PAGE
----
Peripheral arterial disease
Peripheral arterial disease
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Diagnose & Treatment of Peripheral Arterial Disease (PAD)

How is PAD Diagnosed?

Whether you see a family physician, internist, physician assistant, or nurse practitioner, the first step is to ask
about your risk for PAD. Your provider will take a medical and family history, perform a physical exam, and conduct diagnostic tests.

Physical Exam
During the physical exam, your health care provider may check:

  • Pulses in your legs and feet to determine if there is enough blood flowing to these areas.
  • The color, temperature, and appearance of your legs and feet.
  • Signs of poor wound healing on the legs and feet.

Diagnostic Tests
When checking you for PAD, your health care provider may perform a simple non-invasive test called an
ankle-brachial index (ABI). Painless and easy, the ABI compares the blood pressure readings in your ankles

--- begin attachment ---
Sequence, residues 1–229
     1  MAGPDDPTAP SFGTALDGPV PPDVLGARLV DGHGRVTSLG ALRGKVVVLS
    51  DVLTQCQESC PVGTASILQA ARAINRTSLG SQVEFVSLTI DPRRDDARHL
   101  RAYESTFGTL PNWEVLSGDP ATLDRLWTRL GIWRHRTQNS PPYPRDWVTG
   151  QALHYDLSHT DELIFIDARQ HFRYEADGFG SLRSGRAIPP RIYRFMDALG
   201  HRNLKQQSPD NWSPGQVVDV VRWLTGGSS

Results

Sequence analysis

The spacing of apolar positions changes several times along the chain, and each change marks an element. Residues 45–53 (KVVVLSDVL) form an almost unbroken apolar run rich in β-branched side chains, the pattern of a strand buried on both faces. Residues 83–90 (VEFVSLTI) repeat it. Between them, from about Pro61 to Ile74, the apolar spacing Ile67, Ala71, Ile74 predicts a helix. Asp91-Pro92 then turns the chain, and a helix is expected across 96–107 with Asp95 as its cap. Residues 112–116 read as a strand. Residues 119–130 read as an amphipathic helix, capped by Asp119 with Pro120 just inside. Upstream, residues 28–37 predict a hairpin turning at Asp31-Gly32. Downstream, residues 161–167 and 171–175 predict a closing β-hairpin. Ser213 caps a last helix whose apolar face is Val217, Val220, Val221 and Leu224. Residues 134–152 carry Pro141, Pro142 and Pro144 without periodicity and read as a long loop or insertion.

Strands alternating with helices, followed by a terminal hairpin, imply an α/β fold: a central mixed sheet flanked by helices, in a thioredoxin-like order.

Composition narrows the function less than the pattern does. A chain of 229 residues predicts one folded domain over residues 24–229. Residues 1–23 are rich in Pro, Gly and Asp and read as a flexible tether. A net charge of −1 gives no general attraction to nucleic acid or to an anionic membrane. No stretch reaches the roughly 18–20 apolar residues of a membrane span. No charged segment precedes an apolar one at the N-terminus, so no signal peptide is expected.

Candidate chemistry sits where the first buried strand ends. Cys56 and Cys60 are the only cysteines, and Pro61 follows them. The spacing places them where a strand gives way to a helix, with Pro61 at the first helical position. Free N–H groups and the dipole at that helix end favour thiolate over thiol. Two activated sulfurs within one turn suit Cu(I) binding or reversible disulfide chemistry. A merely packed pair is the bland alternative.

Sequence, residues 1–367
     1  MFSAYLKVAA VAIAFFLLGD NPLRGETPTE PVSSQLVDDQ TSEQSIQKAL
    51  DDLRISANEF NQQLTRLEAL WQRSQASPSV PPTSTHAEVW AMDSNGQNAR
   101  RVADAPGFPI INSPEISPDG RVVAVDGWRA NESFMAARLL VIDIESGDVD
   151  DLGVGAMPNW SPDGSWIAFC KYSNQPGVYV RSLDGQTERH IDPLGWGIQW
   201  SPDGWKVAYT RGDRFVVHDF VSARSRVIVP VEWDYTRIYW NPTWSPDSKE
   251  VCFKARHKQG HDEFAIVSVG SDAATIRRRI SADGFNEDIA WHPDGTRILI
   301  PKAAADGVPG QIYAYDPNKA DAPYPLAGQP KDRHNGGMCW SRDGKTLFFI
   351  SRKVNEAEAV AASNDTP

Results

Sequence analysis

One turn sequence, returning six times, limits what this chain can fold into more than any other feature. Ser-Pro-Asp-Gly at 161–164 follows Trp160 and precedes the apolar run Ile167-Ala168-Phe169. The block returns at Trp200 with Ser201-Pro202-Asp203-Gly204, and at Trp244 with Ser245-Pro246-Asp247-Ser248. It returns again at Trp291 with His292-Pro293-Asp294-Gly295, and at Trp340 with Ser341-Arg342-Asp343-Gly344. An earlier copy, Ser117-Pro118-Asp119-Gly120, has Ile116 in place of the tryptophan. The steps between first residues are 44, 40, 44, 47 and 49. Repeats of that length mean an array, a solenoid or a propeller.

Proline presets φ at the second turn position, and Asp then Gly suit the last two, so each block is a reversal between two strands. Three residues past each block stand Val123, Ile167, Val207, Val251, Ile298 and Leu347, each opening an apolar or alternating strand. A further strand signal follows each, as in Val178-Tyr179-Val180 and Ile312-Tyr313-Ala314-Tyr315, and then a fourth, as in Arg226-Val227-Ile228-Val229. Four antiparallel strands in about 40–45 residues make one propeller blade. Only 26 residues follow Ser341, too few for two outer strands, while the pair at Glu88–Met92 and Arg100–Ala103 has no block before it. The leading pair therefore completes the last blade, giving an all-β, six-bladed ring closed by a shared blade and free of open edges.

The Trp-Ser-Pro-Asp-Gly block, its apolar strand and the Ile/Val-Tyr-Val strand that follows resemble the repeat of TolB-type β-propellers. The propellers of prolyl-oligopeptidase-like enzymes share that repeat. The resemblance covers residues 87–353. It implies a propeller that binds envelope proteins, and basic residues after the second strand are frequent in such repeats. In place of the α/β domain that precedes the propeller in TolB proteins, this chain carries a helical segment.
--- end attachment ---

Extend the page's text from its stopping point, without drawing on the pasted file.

with the blood pressure readings in your arms.

An ABI can help determine whether you have PAD, but it cannot identify which arteries are narrowed or blocked.
Your health care provider may decide to do a Doppler ultrasound test to see whether a specific artery is open
or blocked. This test uses sound waves to measure the blood flow in the veins and arteries in your arms
and legs.

How is PAD Treated?

The overall goals for treating PAD are to reduce symptoms, improve quality of life and mobility, and prevent heart attack, stroke, and amputation. There are three main approaches to treating PAD: making lifestyle changes; taking medication; and in some cases, having an endovascular procedure or surgery. Your health care provider will determine the best treatment options for you, based on your medical history.

Questions to Ask Your Health Care Provider:

  1. Does my medical history raise my risk for PAD?
  2. Which screening tests or exams are right for me?
  3. What is my blood sugar level? If it’s too high or if I have diabetes, what should I do about it?
  4. What is my blood pressure? Do I need to do anything about it?
  5. What are my cholesterol numbers? (These include total cholesterol, LDL, HDL, and triglycerides—a type of fat found in the blood
  6. and food.) Do I need to do anything about them?
  7. What can I do to quit smoking?
  8. If I have PAD, what steps should I take to treat it?
  9. Will PAD increase my risk for other conditions?
  10. What non-invasive type of procedures are available to treat PAD?